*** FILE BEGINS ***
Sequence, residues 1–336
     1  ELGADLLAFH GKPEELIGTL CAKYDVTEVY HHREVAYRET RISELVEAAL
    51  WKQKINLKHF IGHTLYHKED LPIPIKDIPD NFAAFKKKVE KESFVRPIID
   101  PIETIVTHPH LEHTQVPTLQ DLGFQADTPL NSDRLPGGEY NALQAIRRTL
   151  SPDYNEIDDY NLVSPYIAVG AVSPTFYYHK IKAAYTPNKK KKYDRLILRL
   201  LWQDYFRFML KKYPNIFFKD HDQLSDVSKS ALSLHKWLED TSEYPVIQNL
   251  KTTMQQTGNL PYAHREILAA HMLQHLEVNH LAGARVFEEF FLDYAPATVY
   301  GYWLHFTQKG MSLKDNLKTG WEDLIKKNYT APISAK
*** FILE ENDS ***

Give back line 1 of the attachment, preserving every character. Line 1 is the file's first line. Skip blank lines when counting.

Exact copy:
Sequence, residues 1–336